Elizabeth Caroline Talkington

FemaleApril 1849–11 October 1913

Brief Life History of Elizabeth Caroline

When Elizabeth Caroline Talkington was born in April 1849, in Washington, Arkansas, United States, her father, Allen Acock Talkington, was 39 and her mother, Elizabeth Nichols, was 39. She married James Valentine Sutton on 31 March 1869, in Anna, Collin, Texas, United States. They were the parents of at least 3 sons and 2 daughters. She lived in Orange, Los Angeles, California, United States in 1880 and Orange Judicial Township, Orange, California, United States in 1900. She died on 11 October 1913, in Santa Ana, Orange, California, United States, at the age of 64, and was buried in Fairhaven Memorial Park, Santa Ana, Orange, California, United States.

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Family Time Line

James Valentine Sutton
Elizabeth Caroline Talkington
Marriage: 31 March 1869
Alice Celeste Sutton
Sadie Bell Sutton
Victor William Sutton
Herbert W. Sutton
Walter Allen Sutton

Sources (14)

  • Elizabeth Sutton in household of James B Sutton, "United States Census, 1910"
  • E C Talkington, "Texas, County Marriage Index, 1837-1977"
  • Elizabeth Sutton in household of James V Sutton, "United States Census, 1900"

Spouse and Children

  • Marriage
    31 March 1869Anna, Collin, Texas, United States
  • Children (5)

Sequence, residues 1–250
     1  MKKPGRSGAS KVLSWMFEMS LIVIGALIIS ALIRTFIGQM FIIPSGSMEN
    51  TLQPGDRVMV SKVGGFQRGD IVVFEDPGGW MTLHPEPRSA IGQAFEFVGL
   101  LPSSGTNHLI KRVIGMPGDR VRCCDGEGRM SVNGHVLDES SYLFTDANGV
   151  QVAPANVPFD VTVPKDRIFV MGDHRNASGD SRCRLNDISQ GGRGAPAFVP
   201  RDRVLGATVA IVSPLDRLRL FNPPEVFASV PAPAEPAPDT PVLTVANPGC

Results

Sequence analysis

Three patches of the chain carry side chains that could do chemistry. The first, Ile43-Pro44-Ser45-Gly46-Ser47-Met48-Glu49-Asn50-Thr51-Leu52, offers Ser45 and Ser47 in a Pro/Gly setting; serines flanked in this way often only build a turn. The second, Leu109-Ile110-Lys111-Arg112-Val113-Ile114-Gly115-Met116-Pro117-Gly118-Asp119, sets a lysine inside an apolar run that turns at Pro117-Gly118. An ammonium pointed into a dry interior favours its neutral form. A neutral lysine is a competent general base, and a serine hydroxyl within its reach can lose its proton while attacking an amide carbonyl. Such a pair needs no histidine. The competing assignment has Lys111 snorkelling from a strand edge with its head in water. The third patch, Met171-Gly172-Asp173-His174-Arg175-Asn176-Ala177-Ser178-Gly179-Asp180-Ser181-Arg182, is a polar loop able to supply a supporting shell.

Parents and Siblings

    Siblings (8)

    +3 More Children

    World Events (8)

    1850 · Compromise of 1850

    Age 1

    The United States Congress passed a package of five separate bills in an attempt to decrease tensions between the slave states and free states. The compromise itself was received gratefully, but both sides disapproved of certain components contained in the laws. Texas was impacted in several ways; mainly, the state surrendered its claim to New Mexico (and other claims north of 36°30′) but retained the Texas Panhandle. The federal government also took over the public debt for Texas.


    Age 12

    Arkansas supplied an estimated 50,000 men to the Confederate Army andabout 15,000 to the Union Army.

    1866 · The First Civil Rights Act

    Age 17

    The first federal law that defined what was citizenship and affirm that all citizens are equally protected by the law. Its main objective was to protect the civil rights of persons of African descent.

    Name Meaning

    English (Lancashire): variant of Torkington, a habitational name from Torkington in Greater Manchester (formerly in Cheshire). The placename may derive from an Old English personal name Turec + Old English connective -ing- + tūn ‘farmstead, estate’. This form of the surname is rare in Britain and Ireland.

    Dictionary of American Family Names © Patrick Hanks 2003, 2006.

    Possible Related Names

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